10. I think they limit you to 5 “posts” per week across their various community boards (one focused on setup, one on equipment, one on swing)…something like that. So it isn’t “unlimited”. But it is often enough. And what you get back isn’t a full “lesson” analysis, but more like a 5-10 minute video on things to work on and some suggested drills. But you get assigned to one of their coaches (Jake is mine) and they learn your swing tendencies pretty quickly. I had originally delayed signing up because I wondered what the value would be after I went through all of the content. Bu
  11. I have long sleeve polos (Peter Millar, Nike, etc) but feel like they would be too hot. I’m a Sparms convert now. And as mentioned before, I like the shoulder wrap. Great product!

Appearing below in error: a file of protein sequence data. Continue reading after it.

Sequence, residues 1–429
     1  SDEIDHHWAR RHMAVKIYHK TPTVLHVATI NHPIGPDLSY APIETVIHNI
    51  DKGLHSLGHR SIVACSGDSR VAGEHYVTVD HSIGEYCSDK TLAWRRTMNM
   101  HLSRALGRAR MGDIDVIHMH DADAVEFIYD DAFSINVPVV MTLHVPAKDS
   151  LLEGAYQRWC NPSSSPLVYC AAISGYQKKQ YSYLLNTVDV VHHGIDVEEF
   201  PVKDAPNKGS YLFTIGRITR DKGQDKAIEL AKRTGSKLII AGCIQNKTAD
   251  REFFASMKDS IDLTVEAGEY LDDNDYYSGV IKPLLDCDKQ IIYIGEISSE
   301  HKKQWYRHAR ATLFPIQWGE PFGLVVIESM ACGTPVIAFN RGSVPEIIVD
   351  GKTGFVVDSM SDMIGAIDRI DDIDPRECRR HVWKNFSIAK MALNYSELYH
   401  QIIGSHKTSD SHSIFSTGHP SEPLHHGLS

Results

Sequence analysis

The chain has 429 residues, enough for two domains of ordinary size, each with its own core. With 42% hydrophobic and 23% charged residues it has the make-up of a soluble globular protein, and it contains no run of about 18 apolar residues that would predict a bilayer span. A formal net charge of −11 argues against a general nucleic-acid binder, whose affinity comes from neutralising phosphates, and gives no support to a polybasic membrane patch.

12. This was your first problem: ”Had a great attitude going into the round, and was feeling really confident as I was riding a wave of pretty good consistent golf.” Anytime I start to feel even the least bit confident about my golf game, a blowup is sure to follow. And I say this in all seriousness…I don’t know what it is, but I’ve found confidence is an absolute killer to good golf. Doesn’t make sense but that has been my experience. But the other thing I do in response to one of those rounds is realize that something is messed up with my swing. It’s a reminder
  13. Partial vs full doesn’t matter by the stats (and Broadie). The closer you are to the hole, the better. This is where folks will say “but what about a 40 yard short-sided shot vs an 80 yard pitch to a middle pin?” Remember, stats are averages, so there are always exceptions. But by and large, if you can safely get the ball closer to the hole and not leave yourself short-sided with the green sloping away from you, then go for it. Closer to the hole is better than farther from the hole, other things being equal. The data proves this out.